The new service Swipely wants to make shopping social, but not in an oversharing, soul-baring kind of way. Is that even possible? We’ll have to see, as the site is launching into private beta today. (If you jet over now and use the code GIGAOM you should be able to get in ASAP.)
Swipely comes from Tellme co-founder Angus Davis, who is reapplying some of the speech recognition principles he capitalized on at his last company to make sense of the garbled mess of digital shopping data. The Swipely team has figured out how to intake transaction records — whether through direct connection to a credit card account or emailed receipts — and match them to product catalogs and restaurant menus. The result is an easy way to tell other people what you bought. Today Swipely might just start a conversation in a comment thread, but later it might connect you more closely with the retailer to take advantage of deals, find you nearby stores that your friends or people like you recommend, or inspire savvy shopping through competition with friends.
Providence, R.I.-based Swipely will naturally draw comparison with Blippy, the automated purchase-sharing service that has already launched (and already had one major user privacy slip-up). These sites also harken back to Facebook’s ill-fated Beacon activity-sharing project of a few years ago.
But Swipely is taking a more conservative approach. Users must approve each purchase they share from the online interface (though they can opt-in to automated sharing). The amount they spend is never shared. Users don’t give Swipely the logins to their retailer accounts (though they can give the site their Gmail credentials and indicate which stores’ emailed receipts to pull). And there are lots of assurances of “bank-grade encryption” for all personal information.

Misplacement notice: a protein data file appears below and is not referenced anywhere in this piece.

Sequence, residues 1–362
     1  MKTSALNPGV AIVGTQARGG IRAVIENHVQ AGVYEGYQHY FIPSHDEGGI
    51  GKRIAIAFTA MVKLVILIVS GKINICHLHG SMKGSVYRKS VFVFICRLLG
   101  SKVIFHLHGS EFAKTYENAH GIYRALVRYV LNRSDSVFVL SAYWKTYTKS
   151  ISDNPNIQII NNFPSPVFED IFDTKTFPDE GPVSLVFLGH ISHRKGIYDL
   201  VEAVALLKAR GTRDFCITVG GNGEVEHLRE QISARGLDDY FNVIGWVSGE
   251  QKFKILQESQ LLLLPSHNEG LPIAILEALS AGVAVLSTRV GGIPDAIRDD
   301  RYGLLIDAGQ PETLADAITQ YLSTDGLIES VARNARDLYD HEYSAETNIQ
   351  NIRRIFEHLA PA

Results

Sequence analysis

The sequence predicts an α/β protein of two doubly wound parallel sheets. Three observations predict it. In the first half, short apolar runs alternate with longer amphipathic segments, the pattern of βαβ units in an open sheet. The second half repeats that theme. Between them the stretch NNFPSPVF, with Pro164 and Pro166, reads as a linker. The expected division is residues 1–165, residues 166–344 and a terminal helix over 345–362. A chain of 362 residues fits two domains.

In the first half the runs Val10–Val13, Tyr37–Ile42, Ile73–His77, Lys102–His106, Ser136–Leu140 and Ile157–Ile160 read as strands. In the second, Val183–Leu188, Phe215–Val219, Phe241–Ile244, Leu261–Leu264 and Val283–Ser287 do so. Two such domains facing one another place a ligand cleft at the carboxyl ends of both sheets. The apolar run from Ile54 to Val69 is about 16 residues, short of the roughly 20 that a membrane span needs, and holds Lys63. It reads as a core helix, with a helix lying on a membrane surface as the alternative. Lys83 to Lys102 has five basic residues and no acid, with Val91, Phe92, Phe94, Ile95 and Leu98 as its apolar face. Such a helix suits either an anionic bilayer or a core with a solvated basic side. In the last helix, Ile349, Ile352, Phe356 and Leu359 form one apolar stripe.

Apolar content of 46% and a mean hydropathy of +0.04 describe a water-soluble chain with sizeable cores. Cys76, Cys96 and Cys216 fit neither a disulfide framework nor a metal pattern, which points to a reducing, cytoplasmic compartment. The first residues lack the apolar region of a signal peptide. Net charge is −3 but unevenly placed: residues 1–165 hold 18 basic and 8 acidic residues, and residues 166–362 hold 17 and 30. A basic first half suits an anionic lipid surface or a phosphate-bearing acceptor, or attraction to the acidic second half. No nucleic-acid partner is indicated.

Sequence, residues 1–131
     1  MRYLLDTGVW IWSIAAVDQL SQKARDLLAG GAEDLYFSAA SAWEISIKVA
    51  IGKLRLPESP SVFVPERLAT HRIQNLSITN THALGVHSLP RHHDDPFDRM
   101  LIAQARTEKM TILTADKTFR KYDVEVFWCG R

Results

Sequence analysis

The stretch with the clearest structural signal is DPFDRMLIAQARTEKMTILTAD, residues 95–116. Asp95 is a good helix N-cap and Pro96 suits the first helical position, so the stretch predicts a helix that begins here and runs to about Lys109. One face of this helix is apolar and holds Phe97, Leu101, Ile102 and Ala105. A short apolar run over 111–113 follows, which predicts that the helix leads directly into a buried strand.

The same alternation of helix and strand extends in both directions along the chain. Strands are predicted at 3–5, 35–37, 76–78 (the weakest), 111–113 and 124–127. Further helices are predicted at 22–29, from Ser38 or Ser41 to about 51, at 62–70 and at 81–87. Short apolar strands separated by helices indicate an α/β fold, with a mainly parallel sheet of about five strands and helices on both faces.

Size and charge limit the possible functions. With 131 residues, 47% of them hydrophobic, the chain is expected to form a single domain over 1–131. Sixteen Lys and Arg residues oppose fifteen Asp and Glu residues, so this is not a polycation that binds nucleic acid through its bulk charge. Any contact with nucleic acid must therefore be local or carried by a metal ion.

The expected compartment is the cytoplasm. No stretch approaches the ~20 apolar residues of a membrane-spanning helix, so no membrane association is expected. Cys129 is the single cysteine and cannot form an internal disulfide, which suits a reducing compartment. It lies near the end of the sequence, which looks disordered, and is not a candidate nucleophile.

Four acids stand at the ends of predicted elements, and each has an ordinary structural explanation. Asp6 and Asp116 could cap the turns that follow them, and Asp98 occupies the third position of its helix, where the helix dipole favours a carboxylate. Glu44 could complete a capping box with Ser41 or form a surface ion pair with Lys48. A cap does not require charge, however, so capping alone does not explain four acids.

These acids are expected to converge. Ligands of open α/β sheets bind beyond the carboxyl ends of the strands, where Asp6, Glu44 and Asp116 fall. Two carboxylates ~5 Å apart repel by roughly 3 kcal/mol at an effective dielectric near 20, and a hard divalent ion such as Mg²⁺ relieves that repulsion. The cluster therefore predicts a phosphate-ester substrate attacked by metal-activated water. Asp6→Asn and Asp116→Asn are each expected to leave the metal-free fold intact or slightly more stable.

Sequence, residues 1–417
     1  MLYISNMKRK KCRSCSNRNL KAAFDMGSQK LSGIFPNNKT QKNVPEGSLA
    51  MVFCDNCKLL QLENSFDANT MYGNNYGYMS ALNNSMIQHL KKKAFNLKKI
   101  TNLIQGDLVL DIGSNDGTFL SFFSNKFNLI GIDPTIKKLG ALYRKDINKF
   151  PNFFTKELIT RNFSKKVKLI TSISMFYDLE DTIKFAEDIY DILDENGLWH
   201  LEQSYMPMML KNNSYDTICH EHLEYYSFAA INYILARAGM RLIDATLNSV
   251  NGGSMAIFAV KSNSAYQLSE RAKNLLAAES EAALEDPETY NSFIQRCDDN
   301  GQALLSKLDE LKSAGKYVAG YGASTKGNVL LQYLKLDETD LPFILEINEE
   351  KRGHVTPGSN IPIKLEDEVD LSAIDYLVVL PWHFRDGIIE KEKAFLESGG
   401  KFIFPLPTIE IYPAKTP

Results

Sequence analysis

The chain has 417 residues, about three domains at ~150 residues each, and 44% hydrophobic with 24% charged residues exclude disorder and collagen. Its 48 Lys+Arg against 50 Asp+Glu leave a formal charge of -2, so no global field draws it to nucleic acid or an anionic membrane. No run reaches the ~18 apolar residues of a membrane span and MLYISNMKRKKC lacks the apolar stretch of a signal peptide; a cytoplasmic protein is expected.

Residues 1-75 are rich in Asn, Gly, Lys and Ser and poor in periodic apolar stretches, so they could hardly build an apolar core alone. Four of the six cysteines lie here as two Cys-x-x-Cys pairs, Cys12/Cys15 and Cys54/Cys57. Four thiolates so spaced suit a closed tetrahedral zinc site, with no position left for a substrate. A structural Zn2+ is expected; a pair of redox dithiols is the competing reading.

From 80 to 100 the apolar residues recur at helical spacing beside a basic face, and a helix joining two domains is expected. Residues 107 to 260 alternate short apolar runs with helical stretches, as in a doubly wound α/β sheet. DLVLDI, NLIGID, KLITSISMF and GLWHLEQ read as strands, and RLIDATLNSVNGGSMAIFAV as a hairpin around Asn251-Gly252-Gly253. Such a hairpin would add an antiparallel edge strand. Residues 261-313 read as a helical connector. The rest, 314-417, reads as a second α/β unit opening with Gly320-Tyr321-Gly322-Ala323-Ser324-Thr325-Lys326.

“We want to let people nudge themselves into auto-sharing,” said Davis. “We could turn off a lot of mainstream people if the lever starts out at that end of the spectrum.”
Swipely has raised $7.5 million in Series A funding led by Index Ventures and including Greylock Ventures and First Round Capital with Chris Sacca, Keith Rabois, Ron Conway, Anton Commissaris (from Mint.com), Lee Hower, Charles Moldow and Emil Michael. The company previously raised $1 million from Davis, First Round and Conway.
Davis’ plans for Swipely’s future include mobile apps (along with filtering purchases by location), sharing on social networks (that will come after the site launches to the public, which is supposed to be this summer), improved transaction analysis (the match rate is currently 50 percent, but the system should learn as people start using it) and retailer participation.
Ultimately, the site should save users money while also inspiring demand for new purchases (a push-pull relationship, to be sure!). For instance, Davis said, the site could introduce a game with a leaderboard for who found the cheapest gas each week. But that’s the thing — you can’t exactly have a gas price leaderboard without sharing transaction amounts. For the service to become more useful, I’d bet it will become less private and less conservative.
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